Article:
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Should nonphysicians inject Botox?

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Injection safety
Should nonphysicians inject Botox?

Bill Gillette
Staff Correspondent

LOS ALAMITOS, CALIF. — The Physicians Coalition for Injectable Safety has taken another step in its mission to educate the public about how to safely access injectable cosmetic treatments — as well as who should be performing them and under what conditions.

The Los Alamitos-based Coalition recently issued an advisory stating that not all nurses and physician assistants are qualified to perform cosmetic-filler injections.

“Patients should not accept treatment from nurses or any other clinician in private homes, hair salons, hotels, bars or any other nonmedical setting,” the advisory warns. “Patients should be aware that the most important factor to any nurse or physician-assistant injector is their relationship with an appropriately trained, supervising physician, and how closely the nurse and physician work together.”

Consumer safety guidelines
The Coalition advisory includes consumer guidelines regarding the only conditions under which a nurse or PA should administer cosmetic injections:

  • Under the supervision of a board-certified plastic surgeon, facial plastic surgeon, ophthalmic plastic surgeon or dermatologist who has prescribed the injectable treatment appropriate for the patient
  • Can demonstrate appropriate medical education, licensure and training specific to the delivery of cosmetic injections
  • Administers the injection in a medical setting supervised by the prescribing physician
  • Follows all of the appropriate steps in performing cosmetic injections, including giving patients informed-consent documents that clearly define the risks and benefits of the procedure

Importantly, patients should know that it’s their right to request that the physician administer the injection, the advisory points out. But whether a physician or appropriately trained nurse or PA does the injecting, patients can minimize risk by getting answers to questions posed in the Coalition’s “Doctor, Brand, Safety” guidelines:

  • Doctor — Is the injectable recommended by a qualified doctor who regularly treats similar conditions in an appropriately licensed and equipped medical facility? Has the doctor examined the prospective patient before recommending treatment?
  • Brand — Is the recommended injectable approved by the FDA (or by equivalent agencies in the country of origin) for cosmetic indications, and is the injectable appropriately labeled and packaged to reflect its authenticity and approval?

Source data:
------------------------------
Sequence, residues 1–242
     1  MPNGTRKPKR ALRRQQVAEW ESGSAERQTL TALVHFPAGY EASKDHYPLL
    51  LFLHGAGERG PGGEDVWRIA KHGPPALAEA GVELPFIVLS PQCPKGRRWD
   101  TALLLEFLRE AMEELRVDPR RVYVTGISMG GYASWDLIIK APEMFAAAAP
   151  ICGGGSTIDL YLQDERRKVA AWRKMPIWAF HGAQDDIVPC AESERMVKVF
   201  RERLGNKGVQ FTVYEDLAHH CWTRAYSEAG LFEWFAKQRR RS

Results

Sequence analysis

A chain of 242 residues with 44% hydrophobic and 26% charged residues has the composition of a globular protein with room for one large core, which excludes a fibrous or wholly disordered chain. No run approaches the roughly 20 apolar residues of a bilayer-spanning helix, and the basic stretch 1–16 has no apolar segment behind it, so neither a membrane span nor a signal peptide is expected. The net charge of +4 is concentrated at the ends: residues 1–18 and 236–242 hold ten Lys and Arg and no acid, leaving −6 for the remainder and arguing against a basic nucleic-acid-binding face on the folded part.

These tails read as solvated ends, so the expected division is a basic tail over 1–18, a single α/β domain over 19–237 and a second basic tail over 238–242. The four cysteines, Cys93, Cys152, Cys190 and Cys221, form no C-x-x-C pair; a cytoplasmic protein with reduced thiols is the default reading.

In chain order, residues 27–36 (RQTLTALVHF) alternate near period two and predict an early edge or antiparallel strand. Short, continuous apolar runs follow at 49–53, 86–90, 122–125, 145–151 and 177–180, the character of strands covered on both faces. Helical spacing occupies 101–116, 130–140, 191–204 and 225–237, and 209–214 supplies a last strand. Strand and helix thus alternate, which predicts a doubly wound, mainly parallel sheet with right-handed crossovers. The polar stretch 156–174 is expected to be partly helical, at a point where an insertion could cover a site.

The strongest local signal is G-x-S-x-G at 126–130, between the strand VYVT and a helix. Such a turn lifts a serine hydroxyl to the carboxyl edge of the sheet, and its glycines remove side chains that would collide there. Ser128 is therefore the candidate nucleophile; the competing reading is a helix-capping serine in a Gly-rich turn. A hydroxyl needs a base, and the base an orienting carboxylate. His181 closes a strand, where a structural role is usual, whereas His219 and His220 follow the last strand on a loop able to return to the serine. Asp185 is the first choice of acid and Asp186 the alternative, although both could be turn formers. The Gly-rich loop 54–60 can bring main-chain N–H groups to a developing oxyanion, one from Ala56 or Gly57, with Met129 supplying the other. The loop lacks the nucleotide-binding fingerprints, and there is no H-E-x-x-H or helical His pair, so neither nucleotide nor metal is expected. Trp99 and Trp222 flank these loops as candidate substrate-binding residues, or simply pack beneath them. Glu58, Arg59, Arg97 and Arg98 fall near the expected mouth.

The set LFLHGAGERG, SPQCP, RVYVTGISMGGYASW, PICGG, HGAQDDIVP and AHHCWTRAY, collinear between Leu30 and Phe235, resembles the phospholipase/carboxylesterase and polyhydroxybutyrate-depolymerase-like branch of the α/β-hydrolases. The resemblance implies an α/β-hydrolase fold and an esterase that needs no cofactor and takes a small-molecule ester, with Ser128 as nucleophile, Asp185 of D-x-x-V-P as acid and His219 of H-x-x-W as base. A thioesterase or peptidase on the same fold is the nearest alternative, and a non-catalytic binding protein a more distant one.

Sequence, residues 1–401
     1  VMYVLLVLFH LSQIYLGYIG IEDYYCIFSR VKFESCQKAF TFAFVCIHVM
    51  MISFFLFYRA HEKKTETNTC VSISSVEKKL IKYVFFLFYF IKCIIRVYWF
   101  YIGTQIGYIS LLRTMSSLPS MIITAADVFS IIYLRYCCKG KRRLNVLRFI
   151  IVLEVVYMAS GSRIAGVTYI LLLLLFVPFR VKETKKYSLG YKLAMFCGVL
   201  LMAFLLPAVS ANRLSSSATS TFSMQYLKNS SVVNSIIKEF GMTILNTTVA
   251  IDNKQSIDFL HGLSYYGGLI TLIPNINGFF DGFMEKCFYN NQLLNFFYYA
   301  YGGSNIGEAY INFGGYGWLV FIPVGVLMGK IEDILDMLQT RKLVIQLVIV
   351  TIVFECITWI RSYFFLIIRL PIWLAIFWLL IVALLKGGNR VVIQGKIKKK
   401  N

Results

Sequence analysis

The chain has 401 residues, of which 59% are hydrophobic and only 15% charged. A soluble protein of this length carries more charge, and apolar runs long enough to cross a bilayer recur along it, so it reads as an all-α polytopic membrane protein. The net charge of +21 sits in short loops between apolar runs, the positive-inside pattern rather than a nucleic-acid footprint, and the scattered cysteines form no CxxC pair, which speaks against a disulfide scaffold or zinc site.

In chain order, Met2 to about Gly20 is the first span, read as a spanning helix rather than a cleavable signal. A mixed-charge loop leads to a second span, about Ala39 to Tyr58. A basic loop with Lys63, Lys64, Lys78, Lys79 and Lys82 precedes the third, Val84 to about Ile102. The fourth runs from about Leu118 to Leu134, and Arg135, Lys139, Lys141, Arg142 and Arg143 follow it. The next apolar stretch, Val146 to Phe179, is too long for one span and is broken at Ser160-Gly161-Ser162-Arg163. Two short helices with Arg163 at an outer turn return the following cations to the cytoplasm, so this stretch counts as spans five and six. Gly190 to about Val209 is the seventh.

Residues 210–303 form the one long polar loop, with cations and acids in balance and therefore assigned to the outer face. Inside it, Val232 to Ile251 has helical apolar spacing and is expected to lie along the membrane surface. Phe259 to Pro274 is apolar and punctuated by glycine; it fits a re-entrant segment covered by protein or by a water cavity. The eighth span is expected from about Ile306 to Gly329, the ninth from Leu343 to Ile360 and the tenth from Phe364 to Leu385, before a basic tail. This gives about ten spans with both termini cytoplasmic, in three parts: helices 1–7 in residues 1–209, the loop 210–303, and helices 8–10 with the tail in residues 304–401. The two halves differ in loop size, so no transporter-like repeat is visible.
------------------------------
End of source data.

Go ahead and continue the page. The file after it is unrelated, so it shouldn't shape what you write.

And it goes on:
• Safety — Is the care setting a proper, medically equipped office, with safety and sterilization procedures? Has the physician evaluated conditions, recommended treatment, offered alternatives and clearly defined the potential outcomes, including any complications?

Certainty with a certificate
Another way is an eight-hour injector training course that the Coalition has created and now offers to nurses and PAs at various professional conferences around the country.

“Patients should know that it’s their right to request that the physician administer the injection.”
 

“We’re linking the course to employment — in other words, only nurses and PAs who can prove they’re employed by a physician can take the course and earn the certificate,” Dr. Jewell tells Cosmetic Surgery Times. “We want to make sure they know not only how to inject, but about patient assessment, the importance of informed consent, and how to manage adverse effects if they occur.

“In my practice, my nurses are trained by me and have taken the course, and they do very well as injectors,” Dr. Jewell adds. “Sometimes, of course, patients want me to do the injections and there are patients that, for one reason or other, [on whom] I prefer to do the injections.”

According to a Coalition survey, that puts Dr. Jewell in the majority of doctors — and his practice in the minority of practices — in terms of who administers cosmetic injections in medical offices. The 2007 survey reports that while nearly 95 percent of physicians personally perform cosmetic injections, slightly less than 25 percent of Coalition member practices include nurse or PA injectors.

In addition, the survey showed that more than 45 percent of complications occur when unqualified providers administer injections, while more than 35 percent result from injections administered in a nonmedical setting, such as a spa, hair salon or private home. CST

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